Thursday, July 9, 2009

Is N Korea Behind Cyber-Attacks?

As South Korea says a third wave of cyber-attacks are hitting their infrastructure, North Korea is being tauted as the most likely suspect. The wave of DOS (Denial Of Service) attacks crippled South Korea's most popular banking website, as well as government-related sites, on Thursday, following attacks over the July 4th weekend which were reported to have even affected sites in America.

North Korean operatives immediately denounced the finger-pointing as an attempt at besmirching North Korea and Pyongyang's rule. They failed to mention how Pyongyang's or Jong Il's or someone's recent nuclear missile testing might have played into the whole thing. Some reports say North Korea even threatened a cyberattack on June 27th, but I failed to find articles to back that up. I did find threats of a more missile-y nature made earlier, though. No matter: officials have been worried about cyberattacks originating from North Korea for quite some time now.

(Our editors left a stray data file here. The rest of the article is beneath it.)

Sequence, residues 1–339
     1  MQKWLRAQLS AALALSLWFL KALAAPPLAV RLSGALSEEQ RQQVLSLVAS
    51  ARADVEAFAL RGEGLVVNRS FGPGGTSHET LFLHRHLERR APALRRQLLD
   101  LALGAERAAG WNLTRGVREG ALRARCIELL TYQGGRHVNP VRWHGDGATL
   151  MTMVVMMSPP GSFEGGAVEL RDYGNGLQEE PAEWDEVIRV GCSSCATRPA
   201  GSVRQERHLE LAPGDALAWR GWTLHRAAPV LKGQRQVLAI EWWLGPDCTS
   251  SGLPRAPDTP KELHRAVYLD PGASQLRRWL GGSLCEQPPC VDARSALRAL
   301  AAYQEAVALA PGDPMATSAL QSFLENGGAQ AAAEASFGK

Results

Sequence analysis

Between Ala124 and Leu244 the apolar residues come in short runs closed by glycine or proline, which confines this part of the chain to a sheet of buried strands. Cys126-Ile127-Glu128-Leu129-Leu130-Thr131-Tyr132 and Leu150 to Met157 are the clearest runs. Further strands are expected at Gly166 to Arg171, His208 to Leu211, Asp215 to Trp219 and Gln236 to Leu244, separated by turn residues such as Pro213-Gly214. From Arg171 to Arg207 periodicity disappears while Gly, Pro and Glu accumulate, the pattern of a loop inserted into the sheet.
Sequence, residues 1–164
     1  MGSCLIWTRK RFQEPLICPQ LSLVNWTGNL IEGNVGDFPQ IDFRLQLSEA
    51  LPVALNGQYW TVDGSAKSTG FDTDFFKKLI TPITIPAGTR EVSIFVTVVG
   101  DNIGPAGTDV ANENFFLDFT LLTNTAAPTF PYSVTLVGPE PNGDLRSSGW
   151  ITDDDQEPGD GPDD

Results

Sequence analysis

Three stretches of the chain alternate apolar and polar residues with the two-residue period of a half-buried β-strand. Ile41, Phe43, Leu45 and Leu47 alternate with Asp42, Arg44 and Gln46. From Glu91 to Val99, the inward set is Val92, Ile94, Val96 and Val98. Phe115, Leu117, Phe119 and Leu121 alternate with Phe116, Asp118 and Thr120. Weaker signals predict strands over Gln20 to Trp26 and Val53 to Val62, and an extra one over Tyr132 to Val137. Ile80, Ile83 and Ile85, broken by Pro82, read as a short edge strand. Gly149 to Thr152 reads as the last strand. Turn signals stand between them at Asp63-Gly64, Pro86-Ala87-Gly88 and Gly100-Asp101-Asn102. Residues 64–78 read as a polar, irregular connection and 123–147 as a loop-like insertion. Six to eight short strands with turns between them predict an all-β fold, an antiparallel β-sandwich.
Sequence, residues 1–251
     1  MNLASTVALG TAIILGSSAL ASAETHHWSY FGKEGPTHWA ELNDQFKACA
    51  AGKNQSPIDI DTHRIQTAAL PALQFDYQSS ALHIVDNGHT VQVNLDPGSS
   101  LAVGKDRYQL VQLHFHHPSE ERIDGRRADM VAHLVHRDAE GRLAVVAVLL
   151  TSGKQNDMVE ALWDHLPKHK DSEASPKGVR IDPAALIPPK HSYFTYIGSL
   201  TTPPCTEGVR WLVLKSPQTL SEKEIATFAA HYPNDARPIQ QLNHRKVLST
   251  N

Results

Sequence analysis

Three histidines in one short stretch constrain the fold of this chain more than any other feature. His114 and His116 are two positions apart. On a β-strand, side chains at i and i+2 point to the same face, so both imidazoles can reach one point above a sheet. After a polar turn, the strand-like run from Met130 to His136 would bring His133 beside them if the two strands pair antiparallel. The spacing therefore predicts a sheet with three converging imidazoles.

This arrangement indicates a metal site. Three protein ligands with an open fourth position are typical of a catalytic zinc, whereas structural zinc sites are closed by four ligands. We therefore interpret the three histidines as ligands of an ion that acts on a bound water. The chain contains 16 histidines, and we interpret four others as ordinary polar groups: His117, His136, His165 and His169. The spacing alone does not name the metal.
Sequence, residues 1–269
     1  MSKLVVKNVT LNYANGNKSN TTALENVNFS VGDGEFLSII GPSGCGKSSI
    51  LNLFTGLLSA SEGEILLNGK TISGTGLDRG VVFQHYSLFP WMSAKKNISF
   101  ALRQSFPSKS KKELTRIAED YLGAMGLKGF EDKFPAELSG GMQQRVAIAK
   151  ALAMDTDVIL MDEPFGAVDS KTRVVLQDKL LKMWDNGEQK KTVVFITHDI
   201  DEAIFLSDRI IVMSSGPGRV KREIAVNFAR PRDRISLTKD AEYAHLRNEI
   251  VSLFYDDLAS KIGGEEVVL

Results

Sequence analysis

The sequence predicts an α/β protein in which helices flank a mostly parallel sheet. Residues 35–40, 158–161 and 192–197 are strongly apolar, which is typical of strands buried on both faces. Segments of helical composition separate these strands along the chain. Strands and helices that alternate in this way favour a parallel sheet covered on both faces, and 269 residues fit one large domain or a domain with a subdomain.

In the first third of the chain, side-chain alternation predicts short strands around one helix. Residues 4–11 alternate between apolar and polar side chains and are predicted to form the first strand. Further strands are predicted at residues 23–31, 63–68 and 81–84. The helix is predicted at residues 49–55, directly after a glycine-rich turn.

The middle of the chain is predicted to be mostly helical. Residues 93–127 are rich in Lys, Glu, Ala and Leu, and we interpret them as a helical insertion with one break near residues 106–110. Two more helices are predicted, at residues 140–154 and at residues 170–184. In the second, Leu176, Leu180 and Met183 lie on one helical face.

South Korean officials admit there is nothing directly linking the communist country to the attacks, though some American officials have backed the suspicions as valid. Reports from a few years back showed that entities in North Korea were those who had most often visited and stayed logged-in to American military cyber-installations (websites, databases, et.al.) in the Koreas.

North Korea is said to have strengthened its cyberforces, having trained several hundred hackers in recent months. They may also be assisted by ally, China - though China also expressed displeasure at North Korea's recent missile launchings.

The recent "attacks" are Distributed Denial Of Service attacks which are actually pretty small-time, when one considers such things. While cyberwarfare is nothing like that seen in the movies or written about in Cyberpunk literature, DDOS attacks can be carried-out by moderately organized hackers with nothing more to prove than that they can actually do it. Infected computers are instructed to ping certain sites; this flood of requests slows, or even closes, the site. DDOS attacks do not penetrate, they merely deny access.

More sophisticated attacks would be expected of military-grade specialists. Even those using a patchwork network of Commodore 64s, Win 3.11 workstations, and a Windows 95 server.

© C Harris Lynn, 2009

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